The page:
Monthly Brief August 2018 – A Message from Interest Rates
During August, US equity markets were generally driven higher by relief that (1) the real-time consequences of “trade war” rhetoric were seemingly well below previous warnings and (2) that issues within certain emerging markets had not yet spread further. Given that the amount of news-worthy information available falls far short of the content needed by the vast number of “news” providers, August seemed to reflect an investor attitude of fatigue regarding more rhetoric and speculation without much new to consider.
To recap current conditions, US earnings reports have continued to be strong and future expectations remain positive. Rising interest rates have plateaued without signs of an obvious catalyst for a significant move higher in the near-term. And, generally, international economies are experiencing positive conditions, with the exception of a handful of emerging markets. Most existing concerns are focused on policy-driven items having the potential to derail the global economic expansion, such as the actual impact of trade policy and the potential for current emerging markets’ issues to spread.
The focus on policy decisions will likely persist as the upcoming mid-term elections will be seen as motivation for action and also a potential shift of influences within congress. With the historically heightened volatility of October and September, how these issues continue to unfold will likely determine the next phase of market activity.
CHART OF INTEREST – A MESSAGE FROM INTEREST RATES
During the first quarter of 2018 investors were reminded to not get too comfortable with 2017’s favorable global equity markets. But, by April, the sharp January pullback gave way to another strong advance supported by continued healthy economic and corporate financial reports. Have risks receded, supporting further gains?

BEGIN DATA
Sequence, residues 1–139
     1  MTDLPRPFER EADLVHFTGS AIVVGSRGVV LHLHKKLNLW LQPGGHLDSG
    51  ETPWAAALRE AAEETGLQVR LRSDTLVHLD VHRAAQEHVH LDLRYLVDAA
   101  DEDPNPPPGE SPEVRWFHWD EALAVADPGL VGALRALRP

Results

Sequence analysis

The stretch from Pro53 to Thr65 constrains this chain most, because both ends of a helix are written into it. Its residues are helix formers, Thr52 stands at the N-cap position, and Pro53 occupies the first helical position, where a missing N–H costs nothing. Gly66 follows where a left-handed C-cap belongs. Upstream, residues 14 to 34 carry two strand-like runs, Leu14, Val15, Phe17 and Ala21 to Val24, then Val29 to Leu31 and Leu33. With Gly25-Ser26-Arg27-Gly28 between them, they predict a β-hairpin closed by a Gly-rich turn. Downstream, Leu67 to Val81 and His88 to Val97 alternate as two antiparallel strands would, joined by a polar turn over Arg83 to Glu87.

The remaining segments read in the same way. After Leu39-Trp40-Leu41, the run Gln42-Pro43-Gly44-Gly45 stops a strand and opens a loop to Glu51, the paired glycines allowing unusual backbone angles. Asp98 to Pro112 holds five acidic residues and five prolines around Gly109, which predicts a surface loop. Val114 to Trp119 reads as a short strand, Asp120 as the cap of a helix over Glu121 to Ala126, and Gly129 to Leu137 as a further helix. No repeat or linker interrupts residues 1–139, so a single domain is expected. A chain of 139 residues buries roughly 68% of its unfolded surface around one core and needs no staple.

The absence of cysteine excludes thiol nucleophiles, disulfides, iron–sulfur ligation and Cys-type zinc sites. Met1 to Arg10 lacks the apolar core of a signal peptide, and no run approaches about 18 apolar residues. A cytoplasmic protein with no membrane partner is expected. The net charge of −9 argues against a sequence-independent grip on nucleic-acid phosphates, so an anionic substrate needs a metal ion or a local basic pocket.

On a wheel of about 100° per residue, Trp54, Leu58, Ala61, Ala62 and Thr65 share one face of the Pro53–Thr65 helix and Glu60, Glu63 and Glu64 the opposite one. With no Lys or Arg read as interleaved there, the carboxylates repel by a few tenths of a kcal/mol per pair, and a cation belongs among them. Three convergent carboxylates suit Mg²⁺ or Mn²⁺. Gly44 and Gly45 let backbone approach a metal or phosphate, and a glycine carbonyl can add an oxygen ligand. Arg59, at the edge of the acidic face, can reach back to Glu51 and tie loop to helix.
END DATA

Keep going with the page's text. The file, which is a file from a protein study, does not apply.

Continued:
Equity investors often look to interest rates, such as the relationship between short-term and long-term US Treasuries, as one useful tool for gauging the probability of changing conditions. By way of example, a US Treasury maturing in ten years is likely to have a higher interest rate than a US Treasury maturing in two years, reflecting economic growth expectations and the premium required for the longer-term commitment. But, at times, this relationship can reverse itself, with investors receiving a higher interest rate for a shorter term investment than for the equivalent longer term option. This is commonly referred to as an inverted yield curve.
Fundamentally, this occurs when concerns begin to arise regarding the sustainability of an economic expansion. And this has been a helpful signal of increasing risk for equity investors as equity markets typically move ahead of the economy, often peaking some 6-24 months before a recession is formally declared. Simply put, if investors believe an economic expansion is coming to conclusion, equity markets respond well before an official recession begins.
With this in mind, an interesting comment was recently made by the St Louis Federal Reserve:
… the consumer price index (CPI) is no longer the most popular chart series. Recently, the series describing the difference between the 10-year and 2-year treasury constant maturity rates has jumped into the top spot. The new popularity seems due to the possibility of an inverted yield curve.*
The referenced chart is included here and depicts the relationship between longer term and shorter term interest rates, with readings below zero representing an inverted yield curve. Increasing investor interest in the message of the yield curve certainly highlights growing attention to what might derail the post-financial crisis bull market. And, should the yield curve invert, one popular gauge will be flashing a warning sign of heightened risks.
*Source: Federal Reserve Bank of St. Louis, The Fred Blog post, August, 27, 2018: What’s Up (or down) with the yield curve?
James Ferrin, CFA
Chief Investment Officer
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